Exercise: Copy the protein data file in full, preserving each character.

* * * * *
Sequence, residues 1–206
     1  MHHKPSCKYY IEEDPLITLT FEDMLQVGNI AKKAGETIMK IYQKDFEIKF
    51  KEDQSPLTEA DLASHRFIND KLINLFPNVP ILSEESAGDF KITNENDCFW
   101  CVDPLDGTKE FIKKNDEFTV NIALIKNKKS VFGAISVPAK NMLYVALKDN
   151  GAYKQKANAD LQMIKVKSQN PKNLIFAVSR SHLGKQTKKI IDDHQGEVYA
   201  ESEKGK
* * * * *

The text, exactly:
Sequence, residues 1–206
     1  MHHKPSCKYY IEEDPLITLT FEDMLQVGNI AKKAGETIMK IYQKDFEIKF
    51  KEDQSPLTEA DLASHRFIND KLINLFPNVP ILSEESAGDF KITNENDCFW
   101  CVDPLDGTKE FIKKNDEFTV NIALIKNKKS VFGAISVPAK NMLYVALKDN
   151  GAYKQKANAD LQMIKVKSQN PKNLIFAVSR SHLGKQTKKI IDDHQGEVYA
   201  ESEKGK